Thursday, September 12, 2013

Trip to another bog with Carrie Radcliffe - Part One by Jean Hunnicutt

Trip to another bog with Carrie Radcliffe

Carrie mentioned on our SAPS trip on 8/23 the possibility of a couple of volunteers going on a GPCA workday to a spectacular series of bogs at another undisclosed site.  Kathy Stilwell and I signed up immediately, and were delighted when Carrie let us know we could go on 9/3.  Kathy later had to cancel because of a sick grandchild, but I went and had an unforgettable adventure.

The trail to the bogs was steep (1200' - 1400' elevation gain in 2.5 miles) and the bogs were soggy and mushy of course but I hardly noticed the climb or my wet, soggy feet.  The weather was perfect, and I hiked to the bogs with Carrie and a TV crew - Sharon Collins of GPB's "Georgia Outdoors" with a cameraman and assistant.  They were filming for an episode on "secret places" which should air in January.  We were joined later by more workers / volunteers from GPCA, the Forest Service and other groups.  Also along were a team from the University of Tennessee who were doing sediment borings to look at the geological history of the site.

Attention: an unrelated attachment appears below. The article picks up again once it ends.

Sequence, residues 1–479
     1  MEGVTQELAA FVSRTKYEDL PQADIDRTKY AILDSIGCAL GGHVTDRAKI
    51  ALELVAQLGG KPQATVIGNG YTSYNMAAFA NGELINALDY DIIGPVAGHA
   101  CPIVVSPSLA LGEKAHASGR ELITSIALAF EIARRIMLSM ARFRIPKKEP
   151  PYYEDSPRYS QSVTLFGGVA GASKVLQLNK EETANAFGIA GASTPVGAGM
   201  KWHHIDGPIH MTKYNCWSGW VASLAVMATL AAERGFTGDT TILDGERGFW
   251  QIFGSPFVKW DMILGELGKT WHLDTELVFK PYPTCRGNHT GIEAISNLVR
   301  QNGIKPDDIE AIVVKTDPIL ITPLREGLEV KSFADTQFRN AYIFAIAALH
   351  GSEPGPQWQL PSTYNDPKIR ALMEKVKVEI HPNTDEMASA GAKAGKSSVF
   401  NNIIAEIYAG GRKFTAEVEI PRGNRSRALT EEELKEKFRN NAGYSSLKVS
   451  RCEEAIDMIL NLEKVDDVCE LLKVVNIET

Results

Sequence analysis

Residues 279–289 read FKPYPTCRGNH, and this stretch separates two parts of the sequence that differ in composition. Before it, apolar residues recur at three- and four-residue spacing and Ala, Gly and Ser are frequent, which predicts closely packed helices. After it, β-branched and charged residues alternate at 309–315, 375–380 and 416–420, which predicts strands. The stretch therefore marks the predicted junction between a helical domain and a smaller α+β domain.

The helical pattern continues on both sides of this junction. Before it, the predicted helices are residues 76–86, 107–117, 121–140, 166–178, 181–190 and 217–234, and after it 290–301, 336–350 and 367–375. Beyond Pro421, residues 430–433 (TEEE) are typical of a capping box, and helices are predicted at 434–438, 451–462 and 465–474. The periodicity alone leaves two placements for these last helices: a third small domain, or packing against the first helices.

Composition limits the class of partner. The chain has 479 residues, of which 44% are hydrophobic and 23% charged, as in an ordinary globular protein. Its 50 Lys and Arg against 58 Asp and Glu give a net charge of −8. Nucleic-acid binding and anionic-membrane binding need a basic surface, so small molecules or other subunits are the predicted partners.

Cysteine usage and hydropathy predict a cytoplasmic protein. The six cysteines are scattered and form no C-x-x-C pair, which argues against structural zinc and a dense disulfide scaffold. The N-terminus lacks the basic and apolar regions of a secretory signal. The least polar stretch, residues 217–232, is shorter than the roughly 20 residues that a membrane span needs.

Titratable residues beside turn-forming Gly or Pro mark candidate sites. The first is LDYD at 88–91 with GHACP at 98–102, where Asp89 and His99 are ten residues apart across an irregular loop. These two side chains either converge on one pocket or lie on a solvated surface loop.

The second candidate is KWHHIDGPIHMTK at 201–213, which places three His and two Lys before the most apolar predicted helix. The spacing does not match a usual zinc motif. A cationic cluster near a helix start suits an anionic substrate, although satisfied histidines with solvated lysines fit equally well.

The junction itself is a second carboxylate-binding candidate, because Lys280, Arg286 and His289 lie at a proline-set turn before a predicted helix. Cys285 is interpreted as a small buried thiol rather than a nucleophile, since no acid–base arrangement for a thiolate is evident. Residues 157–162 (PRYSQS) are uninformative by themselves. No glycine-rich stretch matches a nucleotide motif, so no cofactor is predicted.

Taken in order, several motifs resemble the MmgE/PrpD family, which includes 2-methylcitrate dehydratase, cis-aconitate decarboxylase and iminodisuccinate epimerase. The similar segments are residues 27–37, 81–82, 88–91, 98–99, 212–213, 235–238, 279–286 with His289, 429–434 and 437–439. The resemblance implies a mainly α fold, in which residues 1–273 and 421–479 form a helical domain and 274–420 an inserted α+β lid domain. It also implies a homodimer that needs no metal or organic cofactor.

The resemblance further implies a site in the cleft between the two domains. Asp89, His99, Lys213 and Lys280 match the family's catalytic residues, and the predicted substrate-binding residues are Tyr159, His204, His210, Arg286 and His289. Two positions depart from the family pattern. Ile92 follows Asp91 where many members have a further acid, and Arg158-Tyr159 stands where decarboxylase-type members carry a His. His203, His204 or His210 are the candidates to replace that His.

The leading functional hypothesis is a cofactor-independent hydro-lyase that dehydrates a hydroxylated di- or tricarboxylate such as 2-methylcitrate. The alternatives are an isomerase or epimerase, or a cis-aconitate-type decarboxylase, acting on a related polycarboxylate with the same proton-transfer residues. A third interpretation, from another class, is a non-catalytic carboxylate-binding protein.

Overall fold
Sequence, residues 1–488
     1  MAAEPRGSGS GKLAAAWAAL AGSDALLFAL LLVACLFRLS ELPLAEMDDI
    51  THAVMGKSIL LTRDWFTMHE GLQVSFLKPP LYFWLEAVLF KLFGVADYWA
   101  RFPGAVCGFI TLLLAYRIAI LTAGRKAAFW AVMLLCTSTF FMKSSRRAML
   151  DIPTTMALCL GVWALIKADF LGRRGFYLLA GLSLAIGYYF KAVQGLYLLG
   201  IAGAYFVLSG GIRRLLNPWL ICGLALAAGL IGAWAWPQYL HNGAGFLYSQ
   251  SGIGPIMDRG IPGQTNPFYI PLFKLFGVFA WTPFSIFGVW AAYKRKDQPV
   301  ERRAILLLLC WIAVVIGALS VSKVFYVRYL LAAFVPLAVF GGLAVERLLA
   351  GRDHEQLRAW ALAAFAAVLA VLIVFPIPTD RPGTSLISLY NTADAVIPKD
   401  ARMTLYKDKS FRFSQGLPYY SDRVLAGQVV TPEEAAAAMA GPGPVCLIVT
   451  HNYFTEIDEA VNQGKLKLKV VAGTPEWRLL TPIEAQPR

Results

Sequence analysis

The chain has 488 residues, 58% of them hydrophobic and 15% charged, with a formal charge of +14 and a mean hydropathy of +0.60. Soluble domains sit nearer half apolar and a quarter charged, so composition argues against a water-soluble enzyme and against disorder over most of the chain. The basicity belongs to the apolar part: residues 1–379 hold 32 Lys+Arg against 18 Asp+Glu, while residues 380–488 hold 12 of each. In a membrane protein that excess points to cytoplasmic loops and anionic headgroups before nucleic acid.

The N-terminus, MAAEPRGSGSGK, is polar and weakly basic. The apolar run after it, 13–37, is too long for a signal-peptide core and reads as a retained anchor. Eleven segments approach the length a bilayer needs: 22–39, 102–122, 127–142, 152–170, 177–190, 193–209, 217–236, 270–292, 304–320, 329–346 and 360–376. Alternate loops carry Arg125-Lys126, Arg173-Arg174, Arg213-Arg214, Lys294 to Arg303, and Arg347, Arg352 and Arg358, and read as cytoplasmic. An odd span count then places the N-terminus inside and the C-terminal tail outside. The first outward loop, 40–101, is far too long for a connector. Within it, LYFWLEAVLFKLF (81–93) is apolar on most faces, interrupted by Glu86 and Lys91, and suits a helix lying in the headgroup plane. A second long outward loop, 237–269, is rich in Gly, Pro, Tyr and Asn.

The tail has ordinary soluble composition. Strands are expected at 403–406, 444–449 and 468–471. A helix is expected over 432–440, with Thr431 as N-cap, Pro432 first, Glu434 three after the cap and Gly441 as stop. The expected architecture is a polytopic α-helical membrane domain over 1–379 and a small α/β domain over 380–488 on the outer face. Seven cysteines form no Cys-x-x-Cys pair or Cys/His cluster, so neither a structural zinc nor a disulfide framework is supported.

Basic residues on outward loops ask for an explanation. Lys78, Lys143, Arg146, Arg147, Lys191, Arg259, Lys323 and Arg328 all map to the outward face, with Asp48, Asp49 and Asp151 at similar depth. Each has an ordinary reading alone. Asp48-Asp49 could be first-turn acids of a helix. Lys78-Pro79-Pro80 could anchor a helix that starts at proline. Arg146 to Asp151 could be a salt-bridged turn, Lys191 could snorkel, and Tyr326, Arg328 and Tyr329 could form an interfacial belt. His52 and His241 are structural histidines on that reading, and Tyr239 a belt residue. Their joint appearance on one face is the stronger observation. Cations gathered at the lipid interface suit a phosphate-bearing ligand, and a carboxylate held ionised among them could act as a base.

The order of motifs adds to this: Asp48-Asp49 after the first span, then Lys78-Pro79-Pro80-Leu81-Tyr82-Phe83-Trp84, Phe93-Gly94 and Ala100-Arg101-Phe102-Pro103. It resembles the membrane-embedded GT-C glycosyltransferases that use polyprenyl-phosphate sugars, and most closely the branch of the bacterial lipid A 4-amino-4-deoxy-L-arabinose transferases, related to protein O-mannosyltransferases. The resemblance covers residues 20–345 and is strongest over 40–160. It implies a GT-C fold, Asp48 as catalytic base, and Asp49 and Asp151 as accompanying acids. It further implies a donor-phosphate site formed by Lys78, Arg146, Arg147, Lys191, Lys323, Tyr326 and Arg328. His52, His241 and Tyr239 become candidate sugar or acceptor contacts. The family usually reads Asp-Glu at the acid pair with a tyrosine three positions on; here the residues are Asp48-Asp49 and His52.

We visited three bogs, each it seemed more beautiful than the last.  While the GPB crew did their general photographing, we cleaned up around the rare plants, pulling weeds and cutting small woody plants growing close by.  A crew came in later to do the yearly cutting of shrubs and trees to keep the sites open to light.  Most thrilling for me was seeing the Mountain Purple Pitcher Plant and Swamp Pink "babies" - seeded at the site and showing how they are staring to spread on their own.
I wished for Karen and her camera.  There was just no way for me to convey the overall beauty of the sites with my phone camera, but I'll share a few here:
Mountain Purple Pitcher Plants growing happily

The Cinnamon Ferns were huge!

Cuthbert's Turtlehead with Lobelia

This Swamp Pink was planted about 15 years ago and its location lost over time.  It has been recently discovered and...

here are some of its "babies."  Note the beautiful red Sphagnum Moss.

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